Several recent announcements made by USCIS and the Department of Homeland Security (DHS) offer interested parties a glimpse at trends in the EB-5 Immigrant Investor Visa Program, especially how future participants may be affected. While some of these pronouncements may fuel speculation of possible future actions, only by remaining informed can EB-5 advisors and legal experts plot out best approaches for clients entering the EB-5 process and for those already involved in the EB-5 program.
Department of Homeland Security Releases New Report
As part of the Trump Administration’s commitment to robust and stricter regulatory reform, each government agency must issue a quarterly report outlining actions taken to comply with this new mandate. One of the topics covered in the DHS’s Spring 2018 Unified Agenda of Regulatory and Deregulatory Actions report is titled “EB-5 Immigrant Investor Program Modernization” and is categorized as being in the final rather than the proposed rule stage.
In a process that began in January 2017, the DHS offered up the following proposed changes to the current EB-5 program:
• Increasing the amount of the minimum required investment
• Conferring rights of retention of original priority dates for selected EB-5 petitioners
• Modifying the process for designating Targeted Employment Areas
• Various adjustments to both filing and interview procedures
Another topic in its report that affects the EB-5 program, “EB-5 Immigrant Investor Regional Center Program,” is in the proposed rule stage. This rule is considering regulatory changes to the regional center program, focusing on the following concerns:
• Possible changes to how regional centers are initially designated
• Requiring regional centers to use an exemplar filing process
• Demanding ongoing participation requirements to keep regional center status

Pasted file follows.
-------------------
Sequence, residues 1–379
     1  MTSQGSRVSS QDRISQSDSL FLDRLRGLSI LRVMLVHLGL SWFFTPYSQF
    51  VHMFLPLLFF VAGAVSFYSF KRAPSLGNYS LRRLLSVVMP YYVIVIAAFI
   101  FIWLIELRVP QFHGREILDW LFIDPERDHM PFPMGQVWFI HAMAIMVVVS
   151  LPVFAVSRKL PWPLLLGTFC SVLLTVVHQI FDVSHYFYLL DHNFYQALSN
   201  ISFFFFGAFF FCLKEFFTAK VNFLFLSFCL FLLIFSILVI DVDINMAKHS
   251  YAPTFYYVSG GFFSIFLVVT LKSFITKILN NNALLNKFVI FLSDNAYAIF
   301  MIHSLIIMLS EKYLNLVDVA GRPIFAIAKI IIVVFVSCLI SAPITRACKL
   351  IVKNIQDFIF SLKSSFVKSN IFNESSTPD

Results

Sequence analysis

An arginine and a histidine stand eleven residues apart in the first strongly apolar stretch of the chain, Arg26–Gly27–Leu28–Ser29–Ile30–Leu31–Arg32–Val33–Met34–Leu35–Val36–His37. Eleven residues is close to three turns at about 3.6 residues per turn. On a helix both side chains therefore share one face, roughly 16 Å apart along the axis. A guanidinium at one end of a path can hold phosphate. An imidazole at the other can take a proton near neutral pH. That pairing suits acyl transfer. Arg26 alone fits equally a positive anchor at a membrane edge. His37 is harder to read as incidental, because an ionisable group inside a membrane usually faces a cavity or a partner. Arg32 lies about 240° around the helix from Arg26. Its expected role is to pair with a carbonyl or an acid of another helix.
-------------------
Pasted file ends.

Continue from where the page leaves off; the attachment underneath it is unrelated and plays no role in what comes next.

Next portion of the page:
• Reviewing and possibly changing the procedure for changing a regional center designation at termination
Next action on this rule is scheduled for March 2019.
USCIS Changes Concerning Pending I-829 Petitions
In a recent update to its Policy Manual (Vol. 6, Part G, Chapter 5), the USCIS clarified and confirmed that, upon successful filing of their I-829 petitions, immigrant investors and their qualified family members will receive a one-year extension of their conditional permanent resident (CPR) status. They will receive a receipt notice of this status, which qualifies as evidence of their legal immigration status.
EB-5 investors and their dependents with receipt notices but whose CPR status has expired will need to undergo an formal identification process, like fingerprinting, at an Application Support Center before their I-829 petitions can be ruled upon. Unfortunately, delays blamed on a new system conversion within the USCIS has created a huge backlog in processing I-829 receipt notices.
It is expected that this slowdown could entail a wait of 24 to 30 months. Because of this situation, many EB-5 investors and family members are having I-551 stamps added to their passports, which allows them to travel and serves as proof of their current CPR status. Affected EB-5 investors are advised to make an appointment at the USCIS field office nearest them to acquire the needed I-551 stamps.
Other USCIS Announcements and Changes
When the June 2018 USCIS Bulletin was released, no one showed any surprise at the slow advance in the cutoff date for Chinese and Vietnamese nationals seeking U.S. citizenship. Compared to the previous month, the cutoff date was moved forward only one week, to August 1, 2014. Even though this was expected, industry insiders and affected parties find the situation exasperating. Meanwhile, the only sensible strategy is to be patient.
Finally, effective May 15, 2018, including tenant-occupancy models as part of the required job counts are no longer accepted by the USCIS. According to the agency, there has been no demonstrable proof for the claims that potential tenants in their EB-5 projects represent new hires instead of relocations of existing staff. EB-5 participants should confirm that their investments are not relying on tenant-occupancy models to meet their job creation requirements.